Passed in England, these laws create the social welfare standards for early colonization. They normalize leveraging taxes to support people living in poverty, and also assert the difference between the "deserving" and the "undeserving" poor. The largest difference is between those perceived as "innocent victims," such as orphans and widows, and those who are defined as "drunkards" and "the lazy."
These laws also break regions up into "settlement areas" for the distribution of aid. "Outdoor relief" refers to care given in people's homes and in public spaces, while "indoor relief" refers to care given within institutions established for this purpose.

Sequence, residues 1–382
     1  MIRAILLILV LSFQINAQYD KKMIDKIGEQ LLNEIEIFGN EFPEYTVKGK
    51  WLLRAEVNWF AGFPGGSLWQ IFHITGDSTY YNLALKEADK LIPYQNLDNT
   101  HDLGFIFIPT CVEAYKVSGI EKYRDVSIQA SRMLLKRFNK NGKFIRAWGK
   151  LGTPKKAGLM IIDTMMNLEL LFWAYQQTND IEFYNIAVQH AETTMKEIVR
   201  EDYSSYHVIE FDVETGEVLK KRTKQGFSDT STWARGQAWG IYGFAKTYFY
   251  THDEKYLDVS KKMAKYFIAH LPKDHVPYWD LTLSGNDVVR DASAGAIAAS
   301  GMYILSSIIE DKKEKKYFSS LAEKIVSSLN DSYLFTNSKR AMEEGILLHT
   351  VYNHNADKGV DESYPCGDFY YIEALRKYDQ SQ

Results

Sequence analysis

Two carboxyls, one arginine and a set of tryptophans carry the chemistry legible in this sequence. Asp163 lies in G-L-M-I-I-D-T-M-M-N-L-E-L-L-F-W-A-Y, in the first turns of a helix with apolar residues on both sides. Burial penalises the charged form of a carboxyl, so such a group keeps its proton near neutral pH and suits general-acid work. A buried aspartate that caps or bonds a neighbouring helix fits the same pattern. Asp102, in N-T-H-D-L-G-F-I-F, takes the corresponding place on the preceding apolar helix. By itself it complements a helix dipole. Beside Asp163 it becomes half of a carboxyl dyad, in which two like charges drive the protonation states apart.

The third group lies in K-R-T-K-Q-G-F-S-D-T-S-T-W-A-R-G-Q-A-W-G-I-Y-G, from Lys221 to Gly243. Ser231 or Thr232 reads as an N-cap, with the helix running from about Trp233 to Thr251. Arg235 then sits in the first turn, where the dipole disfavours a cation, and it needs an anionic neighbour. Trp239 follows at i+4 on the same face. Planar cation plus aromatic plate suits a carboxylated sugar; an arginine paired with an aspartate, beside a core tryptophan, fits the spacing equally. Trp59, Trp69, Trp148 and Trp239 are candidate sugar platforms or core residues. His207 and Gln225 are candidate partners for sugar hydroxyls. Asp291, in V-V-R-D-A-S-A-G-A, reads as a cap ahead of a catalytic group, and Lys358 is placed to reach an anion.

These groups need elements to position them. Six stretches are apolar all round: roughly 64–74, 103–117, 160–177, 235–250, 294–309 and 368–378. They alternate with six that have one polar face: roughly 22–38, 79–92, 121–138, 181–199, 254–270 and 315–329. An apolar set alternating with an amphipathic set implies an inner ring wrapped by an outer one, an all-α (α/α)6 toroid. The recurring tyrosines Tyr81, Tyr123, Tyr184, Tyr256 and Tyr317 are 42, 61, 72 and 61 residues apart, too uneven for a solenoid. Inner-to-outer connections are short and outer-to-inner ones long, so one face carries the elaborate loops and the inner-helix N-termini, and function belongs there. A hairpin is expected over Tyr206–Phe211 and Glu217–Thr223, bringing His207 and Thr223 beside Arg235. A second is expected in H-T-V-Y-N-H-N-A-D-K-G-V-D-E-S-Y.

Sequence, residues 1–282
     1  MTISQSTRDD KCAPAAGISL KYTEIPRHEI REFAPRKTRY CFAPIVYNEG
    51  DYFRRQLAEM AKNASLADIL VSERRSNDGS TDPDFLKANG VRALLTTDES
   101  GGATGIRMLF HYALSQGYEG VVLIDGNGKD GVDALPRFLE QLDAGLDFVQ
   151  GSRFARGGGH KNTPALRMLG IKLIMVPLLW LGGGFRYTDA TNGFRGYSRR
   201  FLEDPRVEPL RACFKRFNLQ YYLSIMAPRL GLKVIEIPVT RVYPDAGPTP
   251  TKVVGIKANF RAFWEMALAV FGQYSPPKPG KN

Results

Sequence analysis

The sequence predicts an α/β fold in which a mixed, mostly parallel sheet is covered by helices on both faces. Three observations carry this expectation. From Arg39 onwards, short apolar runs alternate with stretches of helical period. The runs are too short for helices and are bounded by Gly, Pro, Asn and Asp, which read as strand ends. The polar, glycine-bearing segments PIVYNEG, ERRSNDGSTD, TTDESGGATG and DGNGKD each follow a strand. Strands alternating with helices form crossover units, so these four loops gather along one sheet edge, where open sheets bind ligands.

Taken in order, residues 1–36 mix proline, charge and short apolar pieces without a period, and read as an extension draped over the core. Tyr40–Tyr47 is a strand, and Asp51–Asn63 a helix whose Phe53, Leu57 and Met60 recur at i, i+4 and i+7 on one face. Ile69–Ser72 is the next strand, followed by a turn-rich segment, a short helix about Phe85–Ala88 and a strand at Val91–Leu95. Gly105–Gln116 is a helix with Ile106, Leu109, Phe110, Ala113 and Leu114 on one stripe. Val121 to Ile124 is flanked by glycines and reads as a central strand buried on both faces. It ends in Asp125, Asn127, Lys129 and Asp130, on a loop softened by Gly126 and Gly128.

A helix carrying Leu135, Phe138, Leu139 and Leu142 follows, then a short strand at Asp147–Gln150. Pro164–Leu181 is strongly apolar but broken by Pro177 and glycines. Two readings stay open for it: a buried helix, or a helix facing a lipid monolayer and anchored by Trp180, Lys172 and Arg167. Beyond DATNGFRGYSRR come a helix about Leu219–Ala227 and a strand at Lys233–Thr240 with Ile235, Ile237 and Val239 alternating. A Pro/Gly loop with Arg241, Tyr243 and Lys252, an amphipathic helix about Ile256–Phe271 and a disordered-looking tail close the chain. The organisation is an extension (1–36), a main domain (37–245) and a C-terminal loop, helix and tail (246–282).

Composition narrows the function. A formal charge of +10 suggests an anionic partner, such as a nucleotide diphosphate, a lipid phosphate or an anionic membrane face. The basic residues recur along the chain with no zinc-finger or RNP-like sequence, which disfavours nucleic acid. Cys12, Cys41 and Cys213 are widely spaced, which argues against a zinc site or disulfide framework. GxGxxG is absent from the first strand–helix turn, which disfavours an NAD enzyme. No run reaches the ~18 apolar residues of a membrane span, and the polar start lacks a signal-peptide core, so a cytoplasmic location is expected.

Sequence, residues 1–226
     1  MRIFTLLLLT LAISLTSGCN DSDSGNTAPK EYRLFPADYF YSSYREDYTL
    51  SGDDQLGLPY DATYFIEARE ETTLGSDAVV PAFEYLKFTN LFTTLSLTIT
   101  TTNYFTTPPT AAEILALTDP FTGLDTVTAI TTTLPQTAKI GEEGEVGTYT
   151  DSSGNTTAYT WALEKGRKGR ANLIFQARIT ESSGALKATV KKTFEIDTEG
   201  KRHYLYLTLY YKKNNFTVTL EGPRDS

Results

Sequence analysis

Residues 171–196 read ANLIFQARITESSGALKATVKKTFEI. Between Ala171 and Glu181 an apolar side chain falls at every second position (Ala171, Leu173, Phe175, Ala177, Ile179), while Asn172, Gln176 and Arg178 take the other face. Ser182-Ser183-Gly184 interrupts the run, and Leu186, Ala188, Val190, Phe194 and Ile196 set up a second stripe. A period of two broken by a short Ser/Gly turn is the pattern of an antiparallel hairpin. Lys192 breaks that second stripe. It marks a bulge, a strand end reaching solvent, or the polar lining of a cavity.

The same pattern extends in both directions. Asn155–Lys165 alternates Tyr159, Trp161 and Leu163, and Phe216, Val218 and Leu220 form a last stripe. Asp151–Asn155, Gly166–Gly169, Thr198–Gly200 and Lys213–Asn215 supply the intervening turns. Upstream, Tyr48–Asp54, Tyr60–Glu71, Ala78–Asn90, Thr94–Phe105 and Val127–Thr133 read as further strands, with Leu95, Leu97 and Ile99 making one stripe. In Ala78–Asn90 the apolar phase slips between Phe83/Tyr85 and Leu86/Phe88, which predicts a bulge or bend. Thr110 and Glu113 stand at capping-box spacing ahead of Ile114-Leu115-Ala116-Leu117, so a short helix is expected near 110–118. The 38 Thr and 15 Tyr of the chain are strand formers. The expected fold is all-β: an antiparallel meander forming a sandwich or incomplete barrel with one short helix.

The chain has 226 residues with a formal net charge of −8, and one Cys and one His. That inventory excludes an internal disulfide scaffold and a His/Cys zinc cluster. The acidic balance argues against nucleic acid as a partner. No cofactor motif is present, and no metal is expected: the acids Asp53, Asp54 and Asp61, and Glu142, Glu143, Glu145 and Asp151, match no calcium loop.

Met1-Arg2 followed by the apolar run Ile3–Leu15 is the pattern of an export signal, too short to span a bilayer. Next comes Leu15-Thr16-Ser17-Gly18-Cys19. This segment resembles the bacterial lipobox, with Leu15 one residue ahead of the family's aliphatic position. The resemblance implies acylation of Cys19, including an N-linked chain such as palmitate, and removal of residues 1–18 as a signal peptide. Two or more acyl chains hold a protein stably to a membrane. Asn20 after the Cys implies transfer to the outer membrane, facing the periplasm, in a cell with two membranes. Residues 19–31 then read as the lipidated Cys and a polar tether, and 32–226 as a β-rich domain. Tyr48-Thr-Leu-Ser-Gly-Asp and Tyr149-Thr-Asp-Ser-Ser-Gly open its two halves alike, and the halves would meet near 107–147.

Other poverty strategies include auctioning off those living in poverty to rich families who then provide care in exchange for their service, and placing poor and sick individuals with married couples who "volunteer" their care and support for those considered deserving.